The Captain said, “I want to think the person shooting the dice whether a random shooter or not; I want to see that shooter look serious; knowing players’ money is at stake in the game. That means something to me. Style is important in all aspects of craps and of life. I take the game seriously and I expect other players to take the game seriously as well. If I have money bet on them I want them to care about that.”

The “I don’t care” shooter makes the game less important than the other players think it is. He degrades their seriousness and concern. Craps is far more fun when this person is not at the game.

[Please note: A corollary to this shooter is the same type who also criticizes other shooters for taking their shooting seriously. “Come on, shoot the stinking dice, will you?” Add such admonitions from the “I don’t care” shooter and the game loses its appeal.]

The I don't care shooter


Most shooters care about having a good roll. Just ask them. Sure everyone knows the game is random but that doesn’t stop them from giving it the old college try. They want to do well and their faces show it. When they are having a hot roll, they look as if they are having a hot roll. You see joy written on their faces. When they quickly seven-out, they are crest fallen. You see that emotion too. 

The Captain said, “How a player looks is the key to how they feel. I want the player to want to do well. That caring? Does it translate into a good roll? No, not at all, but it does tell you that you and the shooter are in this game together. Our fates are linked.”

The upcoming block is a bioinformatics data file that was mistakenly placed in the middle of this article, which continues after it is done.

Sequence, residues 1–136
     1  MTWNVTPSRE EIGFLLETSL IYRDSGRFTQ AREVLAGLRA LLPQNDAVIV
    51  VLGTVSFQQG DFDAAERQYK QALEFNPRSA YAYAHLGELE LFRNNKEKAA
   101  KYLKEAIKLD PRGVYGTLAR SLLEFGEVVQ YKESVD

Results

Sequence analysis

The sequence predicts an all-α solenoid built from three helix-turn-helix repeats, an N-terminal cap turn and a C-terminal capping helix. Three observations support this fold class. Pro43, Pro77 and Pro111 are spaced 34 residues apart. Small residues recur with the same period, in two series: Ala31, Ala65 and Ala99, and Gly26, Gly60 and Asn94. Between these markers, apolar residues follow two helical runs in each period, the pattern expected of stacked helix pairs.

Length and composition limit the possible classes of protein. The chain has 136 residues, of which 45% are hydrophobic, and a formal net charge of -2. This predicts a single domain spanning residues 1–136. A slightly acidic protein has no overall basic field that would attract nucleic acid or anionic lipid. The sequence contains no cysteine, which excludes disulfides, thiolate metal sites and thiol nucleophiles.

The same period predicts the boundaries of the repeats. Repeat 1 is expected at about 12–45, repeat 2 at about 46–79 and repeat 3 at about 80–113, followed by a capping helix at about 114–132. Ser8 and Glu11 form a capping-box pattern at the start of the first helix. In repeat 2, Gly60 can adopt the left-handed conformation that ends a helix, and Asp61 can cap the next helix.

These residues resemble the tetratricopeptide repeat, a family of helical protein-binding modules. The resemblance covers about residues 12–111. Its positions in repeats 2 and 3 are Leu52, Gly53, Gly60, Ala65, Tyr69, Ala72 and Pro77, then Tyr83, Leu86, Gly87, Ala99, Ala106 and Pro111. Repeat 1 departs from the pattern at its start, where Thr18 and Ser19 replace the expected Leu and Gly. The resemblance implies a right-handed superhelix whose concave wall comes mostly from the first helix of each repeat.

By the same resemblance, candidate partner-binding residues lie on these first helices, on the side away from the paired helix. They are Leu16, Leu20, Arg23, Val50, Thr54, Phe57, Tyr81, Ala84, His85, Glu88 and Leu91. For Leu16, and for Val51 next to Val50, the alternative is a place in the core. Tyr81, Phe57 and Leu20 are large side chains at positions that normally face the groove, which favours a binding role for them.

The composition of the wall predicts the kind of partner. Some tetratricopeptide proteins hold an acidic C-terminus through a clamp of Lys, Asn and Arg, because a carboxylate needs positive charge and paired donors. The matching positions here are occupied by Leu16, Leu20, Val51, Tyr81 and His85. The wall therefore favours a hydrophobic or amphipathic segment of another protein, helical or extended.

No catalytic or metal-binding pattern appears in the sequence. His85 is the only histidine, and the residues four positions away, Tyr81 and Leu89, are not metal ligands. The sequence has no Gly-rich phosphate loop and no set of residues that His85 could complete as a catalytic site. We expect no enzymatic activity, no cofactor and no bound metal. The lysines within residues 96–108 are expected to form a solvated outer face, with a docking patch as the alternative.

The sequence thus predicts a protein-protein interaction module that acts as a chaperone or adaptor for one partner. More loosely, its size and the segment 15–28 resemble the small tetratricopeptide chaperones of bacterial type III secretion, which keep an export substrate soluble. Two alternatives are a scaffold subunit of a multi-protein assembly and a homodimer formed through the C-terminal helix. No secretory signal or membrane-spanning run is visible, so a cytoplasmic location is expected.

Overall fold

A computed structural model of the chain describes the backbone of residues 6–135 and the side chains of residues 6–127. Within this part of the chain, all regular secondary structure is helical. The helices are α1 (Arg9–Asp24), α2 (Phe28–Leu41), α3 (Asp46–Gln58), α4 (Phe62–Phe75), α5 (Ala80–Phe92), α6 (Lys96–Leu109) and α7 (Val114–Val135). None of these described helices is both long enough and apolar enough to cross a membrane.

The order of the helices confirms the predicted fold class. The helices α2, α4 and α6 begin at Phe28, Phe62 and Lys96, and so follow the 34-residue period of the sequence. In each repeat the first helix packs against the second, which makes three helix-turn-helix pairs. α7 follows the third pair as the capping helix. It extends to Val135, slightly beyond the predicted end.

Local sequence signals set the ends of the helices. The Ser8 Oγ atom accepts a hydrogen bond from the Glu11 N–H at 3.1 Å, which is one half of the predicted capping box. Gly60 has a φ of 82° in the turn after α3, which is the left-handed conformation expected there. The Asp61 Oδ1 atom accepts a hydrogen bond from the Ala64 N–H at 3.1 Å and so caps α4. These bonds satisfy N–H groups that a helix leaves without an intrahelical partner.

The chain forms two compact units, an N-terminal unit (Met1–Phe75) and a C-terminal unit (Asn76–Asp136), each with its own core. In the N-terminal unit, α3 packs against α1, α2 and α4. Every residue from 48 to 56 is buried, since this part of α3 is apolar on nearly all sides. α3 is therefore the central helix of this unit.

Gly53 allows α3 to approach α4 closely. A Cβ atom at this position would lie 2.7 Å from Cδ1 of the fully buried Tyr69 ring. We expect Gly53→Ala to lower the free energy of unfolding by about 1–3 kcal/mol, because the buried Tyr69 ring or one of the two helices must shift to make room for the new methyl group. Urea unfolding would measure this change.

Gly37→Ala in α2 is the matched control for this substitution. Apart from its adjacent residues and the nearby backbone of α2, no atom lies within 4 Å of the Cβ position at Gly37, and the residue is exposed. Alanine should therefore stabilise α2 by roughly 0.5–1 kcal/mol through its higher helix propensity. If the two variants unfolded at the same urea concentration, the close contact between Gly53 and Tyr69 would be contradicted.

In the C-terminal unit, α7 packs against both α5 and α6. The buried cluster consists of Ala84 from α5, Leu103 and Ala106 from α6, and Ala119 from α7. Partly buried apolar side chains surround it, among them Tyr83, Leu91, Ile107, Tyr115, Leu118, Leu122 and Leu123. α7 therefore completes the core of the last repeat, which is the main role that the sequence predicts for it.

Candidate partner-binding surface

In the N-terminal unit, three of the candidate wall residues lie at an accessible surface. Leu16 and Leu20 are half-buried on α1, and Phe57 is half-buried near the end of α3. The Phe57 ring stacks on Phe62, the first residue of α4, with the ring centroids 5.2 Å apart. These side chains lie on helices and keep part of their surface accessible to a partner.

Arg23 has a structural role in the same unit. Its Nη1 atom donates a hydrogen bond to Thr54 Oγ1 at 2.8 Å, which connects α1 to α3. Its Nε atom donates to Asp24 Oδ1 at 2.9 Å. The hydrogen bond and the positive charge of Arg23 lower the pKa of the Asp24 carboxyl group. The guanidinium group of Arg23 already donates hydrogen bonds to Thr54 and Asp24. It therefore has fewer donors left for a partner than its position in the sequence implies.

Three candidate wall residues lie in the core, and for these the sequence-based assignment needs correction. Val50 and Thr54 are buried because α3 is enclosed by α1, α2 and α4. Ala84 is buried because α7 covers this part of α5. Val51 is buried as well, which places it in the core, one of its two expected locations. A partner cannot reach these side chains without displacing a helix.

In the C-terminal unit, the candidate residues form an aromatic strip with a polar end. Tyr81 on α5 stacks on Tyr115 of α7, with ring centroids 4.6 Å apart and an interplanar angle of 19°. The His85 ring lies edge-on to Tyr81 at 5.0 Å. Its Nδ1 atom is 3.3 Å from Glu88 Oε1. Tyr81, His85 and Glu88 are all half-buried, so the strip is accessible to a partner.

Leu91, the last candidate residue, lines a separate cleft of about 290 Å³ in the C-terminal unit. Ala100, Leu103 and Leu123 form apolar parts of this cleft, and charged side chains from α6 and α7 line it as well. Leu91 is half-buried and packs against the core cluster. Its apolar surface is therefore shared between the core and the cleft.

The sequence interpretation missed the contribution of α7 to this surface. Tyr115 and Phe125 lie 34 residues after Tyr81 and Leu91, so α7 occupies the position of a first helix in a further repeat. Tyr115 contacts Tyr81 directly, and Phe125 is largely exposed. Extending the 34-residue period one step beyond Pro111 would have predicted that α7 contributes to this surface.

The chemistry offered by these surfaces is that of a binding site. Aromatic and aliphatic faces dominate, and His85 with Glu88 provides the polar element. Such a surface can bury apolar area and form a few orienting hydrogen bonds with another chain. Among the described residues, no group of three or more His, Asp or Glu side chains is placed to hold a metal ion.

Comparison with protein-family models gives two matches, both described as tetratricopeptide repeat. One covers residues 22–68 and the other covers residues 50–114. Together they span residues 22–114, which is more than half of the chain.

[Please note: Only don’t players, those darksiders, want a quick seven-out when other players shoot the dice or when they roll the dice. Still, many of these darksiders never shoot the dice or they shoot in the “I don’t care” manner showing all the other players that they want to lose. Many right-side players find such darksiders intolerable and actively root for them to lose. It is rare, however, for darksiders to cheer when a shooter sevens-out.]


I am seeing more and more careful shooters in the past 20 years; that is, shooters who take care with fixing their dice on certain pips and taking great care with their rolls. You just know they want to do well and they are sincerely (somewhat) sure that if they can just get those dice to do what they want everyone at the table will make some good money. They believe that in some way their rolls will be good.

The Captain said, “When I go to a gourmet restaurant I want to dress up. I like seeing men and women looking their best. It adds to the dining experience. The shooters who fix the dice in certain ways and take some time with their throws give me a charge. I am so rooting for them to do well, not just so I can win money, but so they feel a sense of accomplishment. If you meet a shooter such as this who did have a good roll; you meet him in a restaurant or the cashier, you thank them. They feel great when you do that. They cared.”

[Please note: “Fixing the dice” is the same as “setting the dice.” It is making sure certain pips on the dice are aligned the way as you want them to be.]

Craps dice in action


The Captain of craps believed that some small segment of dice shooters actually had the skills to change the nature of the game when they rolled. These shooters went from random to controlled. They could hit certain numbers more often than the math of the game indicated or they could avoid certain numbers such as the seven. He called these shooters “rhythmic rollers.”